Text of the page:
Then he didn't, and they weren't.

Just five months after taking office, Roosevelt up and ordered his Attorney General to invoke the Sherman Antitrust Law against J.P. Morgan's "latest paper creation," the Northern Securities Company.

"There had been no warning save the logic of Theodore Roosevelt's career." So wrote Roosevelt's biographer, William Harbaugh.

& lt;span class= & quot;dropcap & quot; & P & lt;/span & rofessor Harbaugh was right. It is about the "logic of one's career" -- McCain's, Obama's, Biden's and, yes, Palin's, too.

Of McCain it must be said that the logic of his career, most especially his pandering to the religious right since 2000 (I can't imagine TR pandering to anyone), suggests strongly that, should he be elected, America would be in for four more years of George W. Bush, including injudicious application of military force. (The logic of Barack Obama's career suggests far more reliance on intelligence, deliberation and diplomacy.)

About Palin? Let's begin with her arrogant, mindlessly giddy response to Charles Gibson's question about becoming president. Or take her administrative style, as shown in Alaska. While Roosevelt insisted on "merit hiring and promotion," for Palin it has all been about loyalty. It has been secretive. It has been about control. It has been about cronyism. Her scary attack on the Wasilla librarian over banning books was no isolated event. And, my guess is, as her story unfolds, we will also find corruption, Alaska-style.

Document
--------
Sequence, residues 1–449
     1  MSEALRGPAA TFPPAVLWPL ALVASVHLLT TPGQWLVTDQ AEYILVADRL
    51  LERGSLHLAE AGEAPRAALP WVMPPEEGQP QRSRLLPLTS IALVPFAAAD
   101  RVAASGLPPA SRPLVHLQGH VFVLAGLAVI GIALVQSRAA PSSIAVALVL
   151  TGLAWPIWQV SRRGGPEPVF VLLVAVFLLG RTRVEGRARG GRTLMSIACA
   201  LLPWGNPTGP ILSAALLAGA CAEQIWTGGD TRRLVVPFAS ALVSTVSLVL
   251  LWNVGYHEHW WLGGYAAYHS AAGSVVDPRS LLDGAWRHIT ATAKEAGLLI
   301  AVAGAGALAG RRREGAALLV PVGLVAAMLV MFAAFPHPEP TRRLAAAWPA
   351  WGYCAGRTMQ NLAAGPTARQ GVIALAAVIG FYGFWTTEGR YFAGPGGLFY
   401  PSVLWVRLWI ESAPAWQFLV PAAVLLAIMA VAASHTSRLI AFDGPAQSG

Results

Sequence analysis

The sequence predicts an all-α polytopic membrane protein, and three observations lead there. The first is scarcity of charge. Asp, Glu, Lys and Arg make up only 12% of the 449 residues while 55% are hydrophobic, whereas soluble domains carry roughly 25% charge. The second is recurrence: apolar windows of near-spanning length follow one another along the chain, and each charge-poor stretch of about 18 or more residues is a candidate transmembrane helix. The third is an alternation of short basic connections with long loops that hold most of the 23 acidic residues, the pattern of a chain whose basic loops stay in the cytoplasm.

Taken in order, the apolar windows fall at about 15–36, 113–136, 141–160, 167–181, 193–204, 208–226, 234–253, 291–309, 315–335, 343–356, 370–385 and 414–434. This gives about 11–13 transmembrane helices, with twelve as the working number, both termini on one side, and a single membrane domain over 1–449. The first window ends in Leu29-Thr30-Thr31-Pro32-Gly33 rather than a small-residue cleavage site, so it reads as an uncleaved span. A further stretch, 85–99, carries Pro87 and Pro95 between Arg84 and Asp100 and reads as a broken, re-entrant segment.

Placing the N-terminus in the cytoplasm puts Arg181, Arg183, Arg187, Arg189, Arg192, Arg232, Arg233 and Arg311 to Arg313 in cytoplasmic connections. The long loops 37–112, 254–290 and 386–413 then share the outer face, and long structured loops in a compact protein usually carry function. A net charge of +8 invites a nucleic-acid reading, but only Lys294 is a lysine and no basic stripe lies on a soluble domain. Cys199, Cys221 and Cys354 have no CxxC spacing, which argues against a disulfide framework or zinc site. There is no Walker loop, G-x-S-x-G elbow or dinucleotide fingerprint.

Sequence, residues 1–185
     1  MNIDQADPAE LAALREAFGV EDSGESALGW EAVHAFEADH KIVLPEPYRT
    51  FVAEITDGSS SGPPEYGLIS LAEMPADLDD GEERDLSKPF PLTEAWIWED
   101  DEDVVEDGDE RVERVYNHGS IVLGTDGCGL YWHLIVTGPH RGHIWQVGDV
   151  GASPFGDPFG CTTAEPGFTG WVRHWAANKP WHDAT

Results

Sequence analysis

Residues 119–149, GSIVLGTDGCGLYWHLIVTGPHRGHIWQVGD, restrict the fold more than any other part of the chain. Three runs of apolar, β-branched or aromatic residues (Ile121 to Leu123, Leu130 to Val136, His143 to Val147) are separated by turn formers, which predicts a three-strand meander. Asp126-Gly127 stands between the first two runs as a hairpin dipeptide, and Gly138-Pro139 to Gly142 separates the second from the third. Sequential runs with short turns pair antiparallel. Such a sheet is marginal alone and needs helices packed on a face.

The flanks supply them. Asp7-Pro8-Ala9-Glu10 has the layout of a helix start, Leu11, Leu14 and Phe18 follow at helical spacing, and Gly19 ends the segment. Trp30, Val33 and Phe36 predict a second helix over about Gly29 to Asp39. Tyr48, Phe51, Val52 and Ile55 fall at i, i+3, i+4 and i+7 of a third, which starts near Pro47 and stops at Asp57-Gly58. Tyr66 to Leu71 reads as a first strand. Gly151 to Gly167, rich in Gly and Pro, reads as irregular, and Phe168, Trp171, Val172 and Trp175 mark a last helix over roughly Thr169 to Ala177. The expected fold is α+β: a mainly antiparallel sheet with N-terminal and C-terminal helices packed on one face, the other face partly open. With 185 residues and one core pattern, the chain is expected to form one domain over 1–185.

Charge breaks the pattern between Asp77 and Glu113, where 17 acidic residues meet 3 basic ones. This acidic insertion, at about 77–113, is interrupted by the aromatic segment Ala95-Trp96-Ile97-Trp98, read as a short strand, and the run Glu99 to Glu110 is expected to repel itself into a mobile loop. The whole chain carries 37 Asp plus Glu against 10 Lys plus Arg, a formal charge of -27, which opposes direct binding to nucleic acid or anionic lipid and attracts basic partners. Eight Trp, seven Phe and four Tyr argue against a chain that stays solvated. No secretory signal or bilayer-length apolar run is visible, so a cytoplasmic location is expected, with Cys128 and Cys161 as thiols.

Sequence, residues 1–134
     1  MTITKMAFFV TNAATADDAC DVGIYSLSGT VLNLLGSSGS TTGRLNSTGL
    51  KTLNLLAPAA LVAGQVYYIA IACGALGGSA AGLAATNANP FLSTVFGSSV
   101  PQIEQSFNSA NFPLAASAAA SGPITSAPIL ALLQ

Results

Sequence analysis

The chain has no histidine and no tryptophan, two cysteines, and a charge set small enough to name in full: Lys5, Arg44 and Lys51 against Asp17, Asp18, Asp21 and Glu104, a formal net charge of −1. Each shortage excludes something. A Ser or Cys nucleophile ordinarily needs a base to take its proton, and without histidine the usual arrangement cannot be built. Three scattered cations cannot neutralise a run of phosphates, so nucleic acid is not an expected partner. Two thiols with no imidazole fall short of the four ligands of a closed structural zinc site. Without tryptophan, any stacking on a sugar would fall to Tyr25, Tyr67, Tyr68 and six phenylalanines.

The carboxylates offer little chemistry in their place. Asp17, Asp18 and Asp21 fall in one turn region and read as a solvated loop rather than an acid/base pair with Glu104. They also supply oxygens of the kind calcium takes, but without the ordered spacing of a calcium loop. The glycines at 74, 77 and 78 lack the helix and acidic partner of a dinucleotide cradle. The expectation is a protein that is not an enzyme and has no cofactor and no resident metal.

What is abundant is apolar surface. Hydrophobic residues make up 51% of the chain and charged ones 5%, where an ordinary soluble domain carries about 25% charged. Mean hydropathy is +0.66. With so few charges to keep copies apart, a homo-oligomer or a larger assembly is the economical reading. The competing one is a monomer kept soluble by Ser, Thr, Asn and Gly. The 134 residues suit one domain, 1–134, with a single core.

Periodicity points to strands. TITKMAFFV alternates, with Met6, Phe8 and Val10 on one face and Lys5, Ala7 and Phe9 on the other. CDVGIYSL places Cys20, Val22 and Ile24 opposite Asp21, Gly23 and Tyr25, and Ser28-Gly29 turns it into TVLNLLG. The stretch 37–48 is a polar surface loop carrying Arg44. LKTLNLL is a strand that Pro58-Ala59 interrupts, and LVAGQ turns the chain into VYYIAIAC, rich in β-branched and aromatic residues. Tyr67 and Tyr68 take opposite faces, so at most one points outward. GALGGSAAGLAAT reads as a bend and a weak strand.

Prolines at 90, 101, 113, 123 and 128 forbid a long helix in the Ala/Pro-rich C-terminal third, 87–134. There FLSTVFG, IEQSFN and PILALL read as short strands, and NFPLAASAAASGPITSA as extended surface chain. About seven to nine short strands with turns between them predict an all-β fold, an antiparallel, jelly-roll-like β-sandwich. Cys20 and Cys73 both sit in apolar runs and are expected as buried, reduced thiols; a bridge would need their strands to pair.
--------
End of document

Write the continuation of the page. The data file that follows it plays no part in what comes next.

Ignorance? She wallows in it. Global warming? (What, me worry?) Wild game control? (Let's shoot all the wolves, and let polar bears fend for themselves.) Creationist beliefs? (It's all God's plan.) And we haven't even begun to talk about her inability to have a serious discussion about world affairs or domestic issues. Theodore Roosevelt talked to everyone, about everything, and did it without any tutors.

I'm with Republican David Frum. The thought of a petulant old man in the White House while his "Legally Brunette" version of Lady Macbeth waits in the wings is too frightening to contemplate.

Palin's speechwriter -- one of George W. Bush's trusted wordsmiths (how's that for change) -- oddly inserted a line comparing her to Harry Truman, Democrat, populist and sworn enemy of the Republican Party. In his rousing St. Louis campaign speech, delivered in late October 1948, Give 'Em Hell Harry bluntly stated: "Any farmer who votes against his self-interest, that is votes the Republican ticket, ought to have his head examined."

That's just what the McCain campaign has become -- hoping that somehow voters will mistake Sarah Palin for Teddy Roosevelt or Harry Truman and vote against what's best for them. Unfortunately for McCain, the head-examining is now well underway, and it's his head voters are starting to study.